HYDERABAD: With the Supreme Court giving its nod to the National Entrance-cum-Eligibility Test (NEET) three days prior to the exam, both students and medical colleges in the Telugu states were thrown into ambiguity as no one actually knows how it works.
The questions such as whether the students of Telugu-speaking states would be eligible for the exam and what would happen to the constitutional power of minority colleges are being raised.
While there is a section of people who claim that students of Telugu states are exempted from this ruling due to some constitutional issues, others are of the opinion that irrespective of whether students are exempted or not, they should have been given more time to adjust to this new change.
The SC on Thursday accepted the proposal mooted by the Centre and the Medical Council of India (MCI) to hold NEET for undergraduate and postgraduate medical and dental courses in government and private institutions in two phases this year. However, the court reserved the verdict, which effectively means that more than 6 lakh students, who are preparing for the All India Pre Medical Test (AIPMT), scheduled to he held on May 1, have no clarity on whether or not the exam will be held as per schedule.
“The concept is good and would be beneficial as the students get two chances in a year to clear the exam, but the timing could have been better. I don’t think any student from AP or Telangana has applied for the exam as we are not eligible for AIPMT, so it won’t be a major problem here. However, students of other states would be affected immensely,” said A Krishna Kishore, who is doing his internship at a private hospital.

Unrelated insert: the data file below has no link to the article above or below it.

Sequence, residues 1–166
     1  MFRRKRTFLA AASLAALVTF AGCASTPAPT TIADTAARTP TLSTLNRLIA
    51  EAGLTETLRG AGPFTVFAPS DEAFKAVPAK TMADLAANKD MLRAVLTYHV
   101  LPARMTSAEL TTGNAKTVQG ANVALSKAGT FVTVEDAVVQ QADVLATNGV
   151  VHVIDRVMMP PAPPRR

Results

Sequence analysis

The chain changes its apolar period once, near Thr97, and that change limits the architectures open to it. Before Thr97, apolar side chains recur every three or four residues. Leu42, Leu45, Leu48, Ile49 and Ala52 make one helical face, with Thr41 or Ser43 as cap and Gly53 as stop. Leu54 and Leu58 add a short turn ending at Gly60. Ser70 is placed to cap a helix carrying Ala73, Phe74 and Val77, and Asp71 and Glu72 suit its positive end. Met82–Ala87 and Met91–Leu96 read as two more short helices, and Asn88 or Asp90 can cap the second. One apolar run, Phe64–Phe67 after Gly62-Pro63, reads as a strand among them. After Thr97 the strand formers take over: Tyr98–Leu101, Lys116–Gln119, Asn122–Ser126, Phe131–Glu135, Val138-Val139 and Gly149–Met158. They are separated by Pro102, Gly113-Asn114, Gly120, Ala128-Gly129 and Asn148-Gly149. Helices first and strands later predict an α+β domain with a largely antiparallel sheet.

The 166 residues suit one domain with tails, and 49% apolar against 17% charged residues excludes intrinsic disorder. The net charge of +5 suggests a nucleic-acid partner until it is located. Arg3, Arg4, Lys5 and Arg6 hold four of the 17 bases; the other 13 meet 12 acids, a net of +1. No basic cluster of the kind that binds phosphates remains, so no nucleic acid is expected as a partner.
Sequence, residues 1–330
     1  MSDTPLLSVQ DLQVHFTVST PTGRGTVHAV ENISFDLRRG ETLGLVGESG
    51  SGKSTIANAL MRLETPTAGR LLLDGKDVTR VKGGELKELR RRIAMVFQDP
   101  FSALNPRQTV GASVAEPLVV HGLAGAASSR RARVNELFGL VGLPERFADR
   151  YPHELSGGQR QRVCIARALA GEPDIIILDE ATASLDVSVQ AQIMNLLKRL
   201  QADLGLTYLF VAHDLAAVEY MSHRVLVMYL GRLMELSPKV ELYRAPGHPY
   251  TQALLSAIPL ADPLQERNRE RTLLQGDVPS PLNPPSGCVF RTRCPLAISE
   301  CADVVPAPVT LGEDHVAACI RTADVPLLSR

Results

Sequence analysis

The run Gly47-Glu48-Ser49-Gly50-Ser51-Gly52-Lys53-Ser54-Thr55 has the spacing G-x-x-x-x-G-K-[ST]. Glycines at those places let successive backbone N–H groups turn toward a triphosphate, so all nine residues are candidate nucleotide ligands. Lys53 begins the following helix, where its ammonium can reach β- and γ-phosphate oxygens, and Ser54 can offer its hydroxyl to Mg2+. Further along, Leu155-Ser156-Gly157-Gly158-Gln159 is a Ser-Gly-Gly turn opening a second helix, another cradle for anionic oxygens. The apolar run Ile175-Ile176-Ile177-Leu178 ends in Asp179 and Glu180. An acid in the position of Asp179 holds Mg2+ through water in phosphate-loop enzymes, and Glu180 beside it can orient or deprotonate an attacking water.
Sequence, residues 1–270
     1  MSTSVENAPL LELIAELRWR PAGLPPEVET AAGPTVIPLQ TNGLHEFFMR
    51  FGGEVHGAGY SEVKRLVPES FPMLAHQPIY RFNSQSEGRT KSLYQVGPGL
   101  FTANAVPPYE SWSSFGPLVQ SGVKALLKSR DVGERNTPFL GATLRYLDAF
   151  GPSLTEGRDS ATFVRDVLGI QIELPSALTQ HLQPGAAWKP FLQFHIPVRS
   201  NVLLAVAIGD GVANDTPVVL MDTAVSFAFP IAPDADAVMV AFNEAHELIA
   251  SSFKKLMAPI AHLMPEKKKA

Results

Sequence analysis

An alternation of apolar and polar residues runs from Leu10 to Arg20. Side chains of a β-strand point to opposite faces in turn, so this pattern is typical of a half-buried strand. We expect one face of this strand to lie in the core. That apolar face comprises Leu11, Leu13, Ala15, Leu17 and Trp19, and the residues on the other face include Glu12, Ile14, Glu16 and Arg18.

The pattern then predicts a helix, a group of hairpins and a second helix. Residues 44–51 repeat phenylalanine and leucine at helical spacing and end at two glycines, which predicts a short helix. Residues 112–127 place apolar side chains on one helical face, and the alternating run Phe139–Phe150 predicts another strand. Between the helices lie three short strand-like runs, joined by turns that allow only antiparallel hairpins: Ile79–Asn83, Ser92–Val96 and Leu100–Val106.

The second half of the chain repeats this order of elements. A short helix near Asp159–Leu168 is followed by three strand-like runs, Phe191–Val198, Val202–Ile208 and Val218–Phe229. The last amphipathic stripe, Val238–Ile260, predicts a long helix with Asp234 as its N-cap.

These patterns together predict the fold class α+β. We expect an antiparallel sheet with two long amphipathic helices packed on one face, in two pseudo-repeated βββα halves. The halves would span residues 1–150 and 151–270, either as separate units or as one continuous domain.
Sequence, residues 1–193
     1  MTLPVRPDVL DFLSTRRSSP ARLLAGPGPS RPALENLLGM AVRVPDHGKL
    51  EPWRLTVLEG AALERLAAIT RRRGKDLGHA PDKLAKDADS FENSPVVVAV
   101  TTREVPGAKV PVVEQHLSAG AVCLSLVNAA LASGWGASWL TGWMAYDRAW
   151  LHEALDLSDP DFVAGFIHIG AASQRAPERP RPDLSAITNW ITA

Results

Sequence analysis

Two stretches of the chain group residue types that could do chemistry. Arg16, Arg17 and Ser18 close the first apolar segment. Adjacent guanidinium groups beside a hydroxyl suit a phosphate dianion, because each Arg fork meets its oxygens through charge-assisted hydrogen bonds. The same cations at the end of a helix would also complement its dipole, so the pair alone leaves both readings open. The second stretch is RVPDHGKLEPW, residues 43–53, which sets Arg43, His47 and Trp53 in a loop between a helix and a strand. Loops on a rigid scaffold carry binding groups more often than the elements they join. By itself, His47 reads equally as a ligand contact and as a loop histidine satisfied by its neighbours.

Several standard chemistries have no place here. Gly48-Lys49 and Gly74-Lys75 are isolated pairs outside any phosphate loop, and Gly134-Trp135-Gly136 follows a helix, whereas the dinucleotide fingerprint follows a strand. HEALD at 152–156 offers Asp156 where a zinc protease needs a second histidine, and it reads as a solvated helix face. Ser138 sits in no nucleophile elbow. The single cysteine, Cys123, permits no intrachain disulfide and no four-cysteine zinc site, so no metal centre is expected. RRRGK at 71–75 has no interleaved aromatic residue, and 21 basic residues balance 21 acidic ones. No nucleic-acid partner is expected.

“Why change things two days before the exam? It sounds ridiculous. We’re not against NEET but it would be better if the whole exam is conducted in a single phase on July 24. Also, we would like to get some clarity on whether we are eligible to apply for NEET phase 2,” Jagadeep A, a medical student from Hyderabad, told Express.
As AP, Telangana and Jammu & Kashmir had opted out of All India Scheme since its inception, students from these states are not eligible for 15 pc all India quota. Throwing more light on the issue, Dr Dileep Mathai, Dean, Apollo Institute of Medical Science and Research, opined that there is no clarity on the issue. “Our education is in turmoil. They are just saying that NEET would be conducted, but what are the implications?” he said.
“What would happen to minority colleges? The basic reason why these colleges are established is to give more opportunity to minority students. Again, asking them to compete at national level makes no sense,” he added.
“We are an autonomous institute, so these rules won’t apply to us. So, whether NEET will be conducted or not is not really our concern,” Dr Kandakatla Manohar, Director of Nizams Institute of Medical Sciences, said.